Wednesday, October 29, 2014
I think of the Donner Party every time I cross over the Sierras, snug and comfortable in my climate-controlled vehicle. I make a trip in 2.5 hours, nutritionally-enriched smoothie in my hand and a bucket of snacks at my side, that took weeks of life-and-death struggle to accomplish.
It never fails to fill me with a sense of awe and gratitude....
Which lasts until I hit Nevada and start complaining about how long it's taking and how hot I am, and willthisdesertneverendI'vebeeninitforever.
Personal epiphanies never last long with me. At least not in the desert.
This year I got to realize an ambition I've nourished through many, MANY trips across Nevada---I
finally got to stop at the California Trail Interpretive Center. Every other time, I've hit that area either too late in the day, or on too hurried of a trip and didn't have time to stop.
Not this time.
The center itself is very nice and has high quality displays and exhibits. It takes you along the experiences of the pioneers, from first "seeing the elephant" and deciding to make the trek to the California gold fields through the struggles they encountered on their way.
It is truly amazing that there were thousands upon thousands brave (or foolish) enough to willingly put themselves through such an experience. And to do that knowing they would almost certainly never see their friends or family again, losing forever those connections most dear to them.
Quite a difference from these days of Skype and Facebook!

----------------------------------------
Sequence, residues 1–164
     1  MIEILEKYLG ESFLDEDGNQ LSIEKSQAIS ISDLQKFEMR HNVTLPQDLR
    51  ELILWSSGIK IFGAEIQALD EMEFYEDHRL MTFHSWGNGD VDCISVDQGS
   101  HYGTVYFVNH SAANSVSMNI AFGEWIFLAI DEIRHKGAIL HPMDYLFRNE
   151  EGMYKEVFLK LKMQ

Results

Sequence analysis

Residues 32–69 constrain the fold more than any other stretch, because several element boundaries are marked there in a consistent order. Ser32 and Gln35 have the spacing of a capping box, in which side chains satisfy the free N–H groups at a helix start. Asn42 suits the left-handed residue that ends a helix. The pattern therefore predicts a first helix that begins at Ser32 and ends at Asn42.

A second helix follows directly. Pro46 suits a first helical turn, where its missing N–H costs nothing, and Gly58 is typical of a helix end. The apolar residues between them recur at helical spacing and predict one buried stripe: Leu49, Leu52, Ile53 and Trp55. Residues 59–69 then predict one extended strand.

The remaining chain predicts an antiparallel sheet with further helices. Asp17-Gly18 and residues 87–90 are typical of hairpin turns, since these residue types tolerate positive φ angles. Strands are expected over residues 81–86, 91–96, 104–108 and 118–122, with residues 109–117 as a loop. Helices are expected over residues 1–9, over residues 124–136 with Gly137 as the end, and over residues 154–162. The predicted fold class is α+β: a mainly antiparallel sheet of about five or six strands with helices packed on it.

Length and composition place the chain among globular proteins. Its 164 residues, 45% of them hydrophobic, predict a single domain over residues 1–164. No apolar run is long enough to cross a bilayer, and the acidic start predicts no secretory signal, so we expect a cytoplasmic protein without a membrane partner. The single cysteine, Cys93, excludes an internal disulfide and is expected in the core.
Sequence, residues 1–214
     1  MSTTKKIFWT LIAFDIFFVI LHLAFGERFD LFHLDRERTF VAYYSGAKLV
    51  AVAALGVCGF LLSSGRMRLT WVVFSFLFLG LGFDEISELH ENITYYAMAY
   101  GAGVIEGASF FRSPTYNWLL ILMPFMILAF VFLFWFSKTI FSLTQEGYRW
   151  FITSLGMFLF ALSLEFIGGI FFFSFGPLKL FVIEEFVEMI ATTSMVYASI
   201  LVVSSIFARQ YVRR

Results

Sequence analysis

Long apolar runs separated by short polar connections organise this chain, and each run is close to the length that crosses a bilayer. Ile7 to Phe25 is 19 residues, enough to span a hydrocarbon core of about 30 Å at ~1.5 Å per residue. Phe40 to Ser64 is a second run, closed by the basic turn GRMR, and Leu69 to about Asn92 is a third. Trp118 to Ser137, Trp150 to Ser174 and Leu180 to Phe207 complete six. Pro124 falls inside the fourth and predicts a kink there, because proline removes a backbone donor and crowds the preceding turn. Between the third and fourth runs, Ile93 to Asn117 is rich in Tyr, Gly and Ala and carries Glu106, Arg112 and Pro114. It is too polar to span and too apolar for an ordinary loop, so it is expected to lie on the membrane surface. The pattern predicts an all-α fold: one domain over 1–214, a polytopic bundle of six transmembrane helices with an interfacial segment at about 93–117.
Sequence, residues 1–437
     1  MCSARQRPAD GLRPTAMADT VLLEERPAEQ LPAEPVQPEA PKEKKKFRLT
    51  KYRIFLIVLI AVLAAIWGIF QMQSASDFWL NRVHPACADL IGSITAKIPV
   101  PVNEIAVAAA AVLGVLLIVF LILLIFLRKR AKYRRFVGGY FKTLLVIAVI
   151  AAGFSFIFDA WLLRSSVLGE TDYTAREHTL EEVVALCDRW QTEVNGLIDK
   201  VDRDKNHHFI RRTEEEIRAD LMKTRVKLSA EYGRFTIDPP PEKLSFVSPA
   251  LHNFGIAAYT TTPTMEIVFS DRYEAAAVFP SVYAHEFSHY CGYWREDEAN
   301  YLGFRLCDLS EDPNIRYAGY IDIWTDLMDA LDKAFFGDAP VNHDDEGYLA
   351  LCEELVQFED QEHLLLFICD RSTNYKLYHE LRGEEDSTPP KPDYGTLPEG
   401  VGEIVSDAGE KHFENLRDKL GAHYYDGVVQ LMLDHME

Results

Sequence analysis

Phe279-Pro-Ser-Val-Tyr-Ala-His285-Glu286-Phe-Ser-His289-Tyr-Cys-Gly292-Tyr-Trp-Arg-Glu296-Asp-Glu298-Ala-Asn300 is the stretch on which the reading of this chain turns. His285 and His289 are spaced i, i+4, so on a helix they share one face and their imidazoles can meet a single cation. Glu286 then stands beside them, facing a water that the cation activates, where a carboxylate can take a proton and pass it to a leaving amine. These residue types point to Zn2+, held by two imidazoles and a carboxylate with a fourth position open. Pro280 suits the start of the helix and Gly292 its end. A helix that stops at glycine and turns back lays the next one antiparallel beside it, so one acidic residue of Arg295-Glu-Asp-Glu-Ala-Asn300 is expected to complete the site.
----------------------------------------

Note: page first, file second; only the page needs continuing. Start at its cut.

The museum had this cheerful display to illustrate one of the great tragedies of the journey. To lose your spouse, your child, was bad enough, but then to have to leave them behind forever to be forgotten in a trackless wasteland was truly devastating.
And to do that with the almost-certainty that they were going to get dug up and eaten the minute you left must have broken many a heart.
Yes, full of flaws though they may have been, those nation-building emigrants did not lack for bravery.
For those of you who are history buffs and know the story of the Donner Party, this is a view looking south to the Humbolt River where the Donner Party rejoined the traditional route to California after their disastrous jaunt on the Hastings Cutoff. The extra time they spent taking that much-longer "short cut" is what caused them to reach the Sierras dangerously late in the season and become trapped by early winter storms.
Now there's an interstate freeway, where wagon trains loaded with exhausted travelers once plodded their determined way.
How much has changed in only 168 years!